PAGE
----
Trump promises climate decision next week after G7 stalemate
- Author: Larry Hoffman May 28, 2017,
May 28, 2017, 14:33
Compounding the diplomatic damage, Trump upstaged Prime Minister Paolo Gentiloni' closing press conference by tweeting that he would next week make his long-anticipated decision on United States observance, or not, of the Paris climate accords.
German Chancellor Angela Merkel told reporters the climate debate was "controversial" and that the leaders of the other G7 nations - France, Japan, Canada, the United Kingdom and Italy - all urged Trump to remain a part of the 2015 agreement. "Trade between our countries supports job creation on both sides of the border and the growth of the middle class, and in 2016 was valued at almost $882-billion", Mr. Trudeau's office said in a statement.
Cohn spoke of the most "amazing deals that have really been made by an administration ever" that Trump had clinched in Riyadh, including both private-sector investments and arms sales.
Meyer said many US states, cities, and companies are moving forward on climate action while the Trump administration is "waffling" on the Paris Agreement.
On the issue of climate change, the communique says only six of the leaders, plus European Union leaders, agreed to stand by their commitment to implement the Paris Agreement on climate change.
Will Trump's presidential style shape the G7 summit?
The United States is the world's biggest carbon emitter after China.
Besides reaching a decision on the climate agreement once back in Washington, Trump will also face a new crush of Russia-related controversies.
And European hopes that Trump could be pressured into a more conciliatory stance on trade, climate change and migration at the G7 summit in Sicily were dashed. Instead of following presidential tradition by making his worldwide debut in a neighboring democracy like Canada or Mexico, Trump flew to Saudi Arabia, the repressive desert kingdom. "It is no secret that the leaders meeting [Friday] sometimes have different positions on topics such as climate change and trade". Trump has said he would give world leaders the chance to make their case for the accord.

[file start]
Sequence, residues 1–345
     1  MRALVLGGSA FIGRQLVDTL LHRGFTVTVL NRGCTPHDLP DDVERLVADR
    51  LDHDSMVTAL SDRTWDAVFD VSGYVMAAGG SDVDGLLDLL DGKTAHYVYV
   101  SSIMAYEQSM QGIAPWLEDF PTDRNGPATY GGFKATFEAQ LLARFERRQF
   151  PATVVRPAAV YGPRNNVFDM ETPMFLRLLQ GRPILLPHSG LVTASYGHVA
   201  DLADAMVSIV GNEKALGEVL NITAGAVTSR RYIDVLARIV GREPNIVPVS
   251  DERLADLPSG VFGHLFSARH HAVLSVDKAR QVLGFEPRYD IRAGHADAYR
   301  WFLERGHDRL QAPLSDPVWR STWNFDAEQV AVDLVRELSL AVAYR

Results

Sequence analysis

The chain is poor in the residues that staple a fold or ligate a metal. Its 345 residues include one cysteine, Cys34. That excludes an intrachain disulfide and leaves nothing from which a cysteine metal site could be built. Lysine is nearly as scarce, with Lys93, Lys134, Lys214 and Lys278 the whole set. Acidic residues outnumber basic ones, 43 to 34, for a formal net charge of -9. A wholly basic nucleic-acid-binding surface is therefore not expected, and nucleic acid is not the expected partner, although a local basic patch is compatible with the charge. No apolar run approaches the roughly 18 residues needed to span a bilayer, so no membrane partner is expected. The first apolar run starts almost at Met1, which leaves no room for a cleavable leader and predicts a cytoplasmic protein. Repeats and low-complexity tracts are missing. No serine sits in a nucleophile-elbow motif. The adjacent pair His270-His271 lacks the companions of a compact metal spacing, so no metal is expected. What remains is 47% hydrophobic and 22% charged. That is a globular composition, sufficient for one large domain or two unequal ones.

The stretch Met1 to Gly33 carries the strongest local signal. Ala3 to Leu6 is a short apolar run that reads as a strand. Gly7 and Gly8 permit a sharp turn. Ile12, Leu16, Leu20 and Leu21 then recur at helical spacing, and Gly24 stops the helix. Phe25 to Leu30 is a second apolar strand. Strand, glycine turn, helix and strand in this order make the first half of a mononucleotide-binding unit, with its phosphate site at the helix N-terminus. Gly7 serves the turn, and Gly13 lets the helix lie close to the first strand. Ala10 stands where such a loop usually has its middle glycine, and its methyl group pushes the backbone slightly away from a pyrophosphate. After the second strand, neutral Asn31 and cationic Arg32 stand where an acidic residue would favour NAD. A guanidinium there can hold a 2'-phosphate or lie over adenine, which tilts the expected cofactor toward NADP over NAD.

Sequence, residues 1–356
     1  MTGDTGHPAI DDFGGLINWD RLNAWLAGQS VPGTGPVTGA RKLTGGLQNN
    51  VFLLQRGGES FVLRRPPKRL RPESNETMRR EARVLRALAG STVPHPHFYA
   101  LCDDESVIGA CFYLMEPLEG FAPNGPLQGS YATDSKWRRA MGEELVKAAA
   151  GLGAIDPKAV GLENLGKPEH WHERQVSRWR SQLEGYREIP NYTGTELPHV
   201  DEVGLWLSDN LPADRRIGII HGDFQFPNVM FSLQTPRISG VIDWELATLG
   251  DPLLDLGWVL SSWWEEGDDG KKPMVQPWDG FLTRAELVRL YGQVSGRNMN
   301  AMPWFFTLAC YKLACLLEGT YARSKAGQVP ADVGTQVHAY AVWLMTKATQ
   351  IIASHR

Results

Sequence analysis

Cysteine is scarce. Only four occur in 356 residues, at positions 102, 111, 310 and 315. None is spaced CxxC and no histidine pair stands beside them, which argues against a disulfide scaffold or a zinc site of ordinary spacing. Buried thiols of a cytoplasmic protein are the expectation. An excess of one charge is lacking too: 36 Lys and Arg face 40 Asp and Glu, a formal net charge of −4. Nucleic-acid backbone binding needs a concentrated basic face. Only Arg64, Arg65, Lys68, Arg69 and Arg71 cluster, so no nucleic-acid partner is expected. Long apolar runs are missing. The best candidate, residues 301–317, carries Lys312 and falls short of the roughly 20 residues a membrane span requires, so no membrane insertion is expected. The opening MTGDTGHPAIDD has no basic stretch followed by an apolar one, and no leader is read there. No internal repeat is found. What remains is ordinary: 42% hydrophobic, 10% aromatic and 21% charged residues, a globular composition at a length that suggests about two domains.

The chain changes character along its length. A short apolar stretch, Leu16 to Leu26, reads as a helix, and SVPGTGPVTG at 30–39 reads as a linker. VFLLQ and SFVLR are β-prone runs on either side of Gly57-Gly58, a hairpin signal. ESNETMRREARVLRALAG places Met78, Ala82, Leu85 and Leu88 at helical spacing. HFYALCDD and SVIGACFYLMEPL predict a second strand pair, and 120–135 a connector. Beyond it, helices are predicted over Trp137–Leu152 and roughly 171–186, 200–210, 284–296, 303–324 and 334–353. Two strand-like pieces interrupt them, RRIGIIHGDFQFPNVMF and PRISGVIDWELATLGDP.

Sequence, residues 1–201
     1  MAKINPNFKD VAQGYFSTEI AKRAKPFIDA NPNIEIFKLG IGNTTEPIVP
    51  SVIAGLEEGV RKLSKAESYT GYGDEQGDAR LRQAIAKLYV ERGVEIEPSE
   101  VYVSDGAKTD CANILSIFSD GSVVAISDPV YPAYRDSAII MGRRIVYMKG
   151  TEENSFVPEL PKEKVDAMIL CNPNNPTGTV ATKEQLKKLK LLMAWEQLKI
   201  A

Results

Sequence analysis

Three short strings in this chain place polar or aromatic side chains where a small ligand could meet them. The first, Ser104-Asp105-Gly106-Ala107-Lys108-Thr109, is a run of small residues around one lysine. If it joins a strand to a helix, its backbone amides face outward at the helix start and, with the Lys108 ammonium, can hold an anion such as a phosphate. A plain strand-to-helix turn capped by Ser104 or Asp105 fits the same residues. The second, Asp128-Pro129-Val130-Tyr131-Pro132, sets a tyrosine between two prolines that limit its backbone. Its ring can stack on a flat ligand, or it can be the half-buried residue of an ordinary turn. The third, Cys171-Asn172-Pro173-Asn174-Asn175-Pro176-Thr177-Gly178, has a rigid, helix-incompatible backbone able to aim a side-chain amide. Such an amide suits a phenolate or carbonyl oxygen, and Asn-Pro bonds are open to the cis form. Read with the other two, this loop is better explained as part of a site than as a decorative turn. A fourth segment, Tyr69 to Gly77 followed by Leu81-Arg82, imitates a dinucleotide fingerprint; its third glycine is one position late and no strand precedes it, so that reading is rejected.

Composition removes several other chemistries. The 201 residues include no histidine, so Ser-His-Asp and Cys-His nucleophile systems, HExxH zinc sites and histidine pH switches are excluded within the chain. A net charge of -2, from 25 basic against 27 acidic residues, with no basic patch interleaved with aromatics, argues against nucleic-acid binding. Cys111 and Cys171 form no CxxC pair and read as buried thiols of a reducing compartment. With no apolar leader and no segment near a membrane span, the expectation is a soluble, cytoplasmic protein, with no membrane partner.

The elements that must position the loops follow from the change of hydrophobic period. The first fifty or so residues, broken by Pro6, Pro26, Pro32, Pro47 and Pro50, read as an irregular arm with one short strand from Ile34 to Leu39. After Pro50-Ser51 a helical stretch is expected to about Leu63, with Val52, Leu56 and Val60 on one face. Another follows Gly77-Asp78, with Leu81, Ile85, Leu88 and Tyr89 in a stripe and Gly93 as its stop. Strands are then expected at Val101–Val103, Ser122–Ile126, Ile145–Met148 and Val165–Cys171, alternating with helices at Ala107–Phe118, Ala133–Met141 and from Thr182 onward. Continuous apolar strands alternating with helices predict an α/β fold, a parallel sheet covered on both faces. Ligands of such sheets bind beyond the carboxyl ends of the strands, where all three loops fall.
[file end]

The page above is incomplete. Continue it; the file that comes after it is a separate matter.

"His views are evolving, he came here to learn", Trump's economic advisor Gary Cohn declared on Thursday - only to have his remarks immediately reframed by National Security chief H.R. McMaster.
Speaking at the end of the G7 summit, Macron also said he would discuss the Syrian crisis with Russian President Vladimir Putin at their planned talks in Versailles outside Paris on Monday. He came here to get smart. This is unfortunate for the world, but it's even worse for the U.S.
Merkel left the summit telling reporters that the climate talks in particular were "very unsatisfactory".
"The mood of Article 5, the idea that we are all in this together, is not the mood he conveyed", said Jon Alterman, a senior vice president at the Center for Strategic and International Studies in Washington.
"At some juncture other countries are going to get sick of us joining in, pulling out, joining in and pulling out and say, 'Are we really going to work with the USA on this anymore?'" said Michael Oppenheimer, a professor of geosciences and worldwide affairs at Princeton and a member of the Intergovernmental Panel on Climate Change, a United Nations group that produces scientific reports meant to inform global policymakers.
Mr. Trump wants a firm commitment to fair trade that benefits the U.S.in the final communiqué but the G7 countries want him to support a trade system in which World Trade Organization rules are honoured. "His basis for decision is ultimately going to be what's best for the United States". No, he didn't repeat his description of the Belgian capital as a "hellhole", but the contrast between Trump's warm embrace of Saudi autocrats and his awkward interaction with the democratically elected European leaders was hard to miss.
Leaders gathering at the G7 Summit in Taormina, Italy agreed on a final communique.
The leaders' last summit in Japan previous year stressed the need to avoid protectionism.
In his closing news conference, Italy's Prime Minister Paolo Gentiloni was unable to hide his disappointment with the lack of agreement.